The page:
A few days following the visit of our 16 guests, we had the pleasure of receiving several more guests, Kevin (Saskatchewan, Canada), Cinzia (Switzerland), and a very, very special lady and good friend, Barbara Seagram (Toronto, Canada). We had been planning for her arrival (and Kevins’) to allow them to experience a special treat with the Official Ceremony in Thong Thuen.
But first, we took the group up to the school grounds in Thong Thuen so Barbara, Kevin and Cinzia could teach at the bamboo school in the village (96 students including kindergarten). Barbara had bought schools supplies and the materials for her craft project with the students. What a treat it was for the kids.
Barbara, with the three school teachers. Only one is getting paid by the government – the other two are still hoping to get on the government payroll soon. Each of the teachers received a solar light (see the teacher on the right with her assembled unit) from Barbara to help them prepare their lesson plans at night. In addition, Kevin, Barbara and myself gave the two ladies some extra spending money to help tie them over for a bit. Barbara also donated an additional solar light to the head of the women in the village during the ceremony, a small thank you for all the work done by the women for the successful completion of the project.
I wish I had pictures of Kevin and Cinzia but I was preparing for the distribution of the school supplies outside the classroom while they sang songs with the students including Old McDonald, Head and Shoulders and a couple of others. The kids loved it!
Next was the formal part of the official handover of the project to the village. I am pretty sure that every single villager was there but lets look at the project first.
Being the largest water project we have ever done, the struggles we and the villagers endured and the resulting success was rather spectacular. The muddy roads at the beginning caused trucks to slide backwards, then wait it out, another truck slid back into a tree causing a fair bit of damage, and even two jealous villagers (from a neighboring village) cut the pipe almost 9km from the village are just a memory now. In reference to the villagers that cut the pipe, they were caught (surprisingly), the village was visited by the engineer and District officials, and all was eventually sorted out…I won’t go into the details in this post.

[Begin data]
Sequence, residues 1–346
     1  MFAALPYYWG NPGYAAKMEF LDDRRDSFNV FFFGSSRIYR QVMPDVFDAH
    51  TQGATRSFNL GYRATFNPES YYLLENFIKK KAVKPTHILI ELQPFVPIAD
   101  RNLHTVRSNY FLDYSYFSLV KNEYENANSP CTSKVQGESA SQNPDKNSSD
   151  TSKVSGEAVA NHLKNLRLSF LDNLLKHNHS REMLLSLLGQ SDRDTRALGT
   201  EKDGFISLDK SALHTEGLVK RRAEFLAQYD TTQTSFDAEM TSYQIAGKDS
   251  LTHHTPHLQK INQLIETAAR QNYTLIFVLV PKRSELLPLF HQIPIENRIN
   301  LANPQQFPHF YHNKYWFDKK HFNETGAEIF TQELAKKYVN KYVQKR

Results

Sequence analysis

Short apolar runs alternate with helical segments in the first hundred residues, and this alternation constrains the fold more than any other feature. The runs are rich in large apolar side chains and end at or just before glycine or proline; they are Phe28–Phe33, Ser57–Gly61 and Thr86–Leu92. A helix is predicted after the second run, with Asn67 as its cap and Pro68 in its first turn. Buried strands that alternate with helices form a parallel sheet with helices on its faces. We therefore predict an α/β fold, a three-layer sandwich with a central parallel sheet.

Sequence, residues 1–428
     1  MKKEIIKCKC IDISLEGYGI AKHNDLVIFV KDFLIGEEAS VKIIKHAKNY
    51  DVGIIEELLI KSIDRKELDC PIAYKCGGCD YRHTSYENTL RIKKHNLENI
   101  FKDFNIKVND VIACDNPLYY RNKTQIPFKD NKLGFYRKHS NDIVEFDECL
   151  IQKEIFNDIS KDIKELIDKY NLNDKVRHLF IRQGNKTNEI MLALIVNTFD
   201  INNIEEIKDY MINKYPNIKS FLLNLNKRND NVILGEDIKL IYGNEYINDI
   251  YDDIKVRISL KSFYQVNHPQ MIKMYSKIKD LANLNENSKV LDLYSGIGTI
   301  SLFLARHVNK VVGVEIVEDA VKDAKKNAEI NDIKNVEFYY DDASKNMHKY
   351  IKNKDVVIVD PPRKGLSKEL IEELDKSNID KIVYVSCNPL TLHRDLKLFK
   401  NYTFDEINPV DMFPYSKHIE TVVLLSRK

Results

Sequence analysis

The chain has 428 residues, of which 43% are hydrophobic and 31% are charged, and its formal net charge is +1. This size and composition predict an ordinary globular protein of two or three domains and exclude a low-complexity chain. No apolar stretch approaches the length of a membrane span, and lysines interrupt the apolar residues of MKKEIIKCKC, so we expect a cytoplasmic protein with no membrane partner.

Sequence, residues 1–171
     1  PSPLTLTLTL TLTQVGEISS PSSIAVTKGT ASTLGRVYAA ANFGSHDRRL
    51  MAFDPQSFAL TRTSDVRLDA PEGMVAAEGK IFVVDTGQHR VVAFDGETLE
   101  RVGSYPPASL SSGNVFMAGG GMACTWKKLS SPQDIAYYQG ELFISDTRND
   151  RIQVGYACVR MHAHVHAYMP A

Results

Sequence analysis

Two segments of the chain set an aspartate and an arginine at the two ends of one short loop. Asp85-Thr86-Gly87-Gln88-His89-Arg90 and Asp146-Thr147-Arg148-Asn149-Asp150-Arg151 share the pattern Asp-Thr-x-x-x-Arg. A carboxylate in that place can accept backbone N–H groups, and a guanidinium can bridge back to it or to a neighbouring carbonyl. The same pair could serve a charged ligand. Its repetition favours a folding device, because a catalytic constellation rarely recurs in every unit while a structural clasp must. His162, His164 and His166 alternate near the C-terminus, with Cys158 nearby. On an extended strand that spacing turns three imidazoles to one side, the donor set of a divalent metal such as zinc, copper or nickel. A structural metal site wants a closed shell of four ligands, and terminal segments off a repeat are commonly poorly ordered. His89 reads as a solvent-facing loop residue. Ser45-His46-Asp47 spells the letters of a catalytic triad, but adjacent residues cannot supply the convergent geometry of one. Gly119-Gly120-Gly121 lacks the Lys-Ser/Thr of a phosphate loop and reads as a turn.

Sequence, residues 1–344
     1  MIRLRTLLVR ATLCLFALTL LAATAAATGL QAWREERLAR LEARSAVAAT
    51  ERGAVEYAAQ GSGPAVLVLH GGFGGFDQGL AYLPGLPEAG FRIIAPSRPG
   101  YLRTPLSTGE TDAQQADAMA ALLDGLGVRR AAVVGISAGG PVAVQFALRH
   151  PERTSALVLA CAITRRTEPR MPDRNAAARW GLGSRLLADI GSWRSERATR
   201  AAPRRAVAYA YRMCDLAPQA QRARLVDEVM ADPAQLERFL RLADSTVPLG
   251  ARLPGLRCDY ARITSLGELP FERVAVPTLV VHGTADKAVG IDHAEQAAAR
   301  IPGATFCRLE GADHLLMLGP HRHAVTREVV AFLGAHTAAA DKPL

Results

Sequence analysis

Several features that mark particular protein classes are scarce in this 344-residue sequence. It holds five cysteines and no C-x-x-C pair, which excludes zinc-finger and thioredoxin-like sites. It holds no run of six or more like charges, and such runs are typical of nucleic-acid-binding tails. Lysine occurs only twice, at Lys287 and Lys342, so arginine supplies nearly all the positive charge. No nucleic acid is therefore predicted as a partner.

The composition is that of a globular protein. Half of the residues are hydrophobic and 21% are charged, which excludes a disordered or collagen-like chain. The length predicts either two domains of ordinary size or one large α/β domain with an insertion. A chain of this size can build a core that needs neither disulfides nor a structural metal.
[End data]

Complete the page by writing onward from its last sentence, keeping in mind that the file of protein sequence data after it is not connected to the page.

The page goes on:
After a well needed rest, we headed to one of our favorite villages, one in which I hadn’t visited this year and was concerned about two of the students that we are sponsoring through our generous sponsors, Art from North Carolina and Ian from New Zealand and Australia.
Sure enough, Doe and Tick were waiting for us on the other side of the river. They were excused by their respective teachers for the day, to ensure we were well looked after. Tick goes to secondary school in Meung Xuen (a village we must travel through to get to Ban Na Lea, our destination), and Doe who is in Primary 3. The school was built by us, but sponsored by The Rotary Club of Toronto Twilight. Both villages were recipients of water projects done by us, through the generosity of many Rotary Clubs over a two year period.
Tick has had a really rough go of it. Last year he was sent to an orphanage due to foster family issues (infighting but not with Tick). He was hungry all the time – they were fed two meals a day, one was just a handful of sticky rice and sometimes the other meal consisted just of fat soup. Not very nutritious for growing students. Fortunately he was successful in being accepted back to the foster family. I wish I could have brought them home. Next season, I might bring them down to Luang Prabang for a weekend of fun for them. I hope that one or both sponsors will be able to join us for that time too, as they do come to Laos often.
To end our season, we had our last two groups of visitors arrive at the same time. Rather than try to do both, I sent Siphan up north to Hatkham Village, past Nong Khiaw and by riverboat to review the status of a school we built a few years ago, now destined to be 75 feet underwater. The school was primarily funded by Jai Lao Foundation, whose base is located just outside San Francisco. They had a pretty busy schedule but I was able to have dinner with them, just before they left.
Meanwhile, three wonderful ladies from Calgary visited, Aline, Bonnie and Monica. I invited Kevin along too since we were going to be going to a rural school outside of Luang Prabang to teach english and he was a master at it by now.
As we crossed the river, there were a few screams every time the boat tilted 1 degree but it was a shallow river and the boat was navigated and propelled with a long stick pushing along the bottom of the river. I think the ladies enjoyed the excitement. They had brought hundreds of toothbrushes, sponsored by Brentwood Village Dental in Calgary and toothpaste plus the two biggest bags of candy I have ever seen!
As this season winds down, I leave my heart here. It is with sadness that I leave but I need to get next seasons fundraising activities underway….quite frankly though, I am looking forward to a Wendy’s hamburger with Frostie (maybe on the way home from the airport..haha) and I hope a turkey dinner with mashed potatoes, gravy and so on… I also need to get back before Lao New Years or the students will likely take my last dollar…